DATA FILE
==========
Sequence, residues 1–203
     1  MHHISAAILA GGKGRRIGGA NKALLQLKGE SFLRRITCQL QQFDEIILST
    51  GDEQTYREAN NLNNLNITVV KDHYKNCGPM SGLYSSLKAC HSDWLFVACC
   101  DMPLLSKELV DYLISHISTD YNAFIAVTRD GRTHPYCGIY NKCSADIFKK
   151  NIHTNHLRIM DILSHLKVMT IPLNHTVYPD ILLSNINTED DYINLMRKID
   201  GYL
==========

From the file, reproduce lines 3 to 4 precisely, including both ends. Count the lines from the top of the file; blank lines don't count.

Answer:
    51  GDEQTYREAN NLNNLNITVV KDHYKNCGPM SGLYSSLKAC HSDWLFVACC
   101  DMPLLSKELV DYLISHISTD YNAFIAVTRD GRTHPYCGIY NKCSADIFKK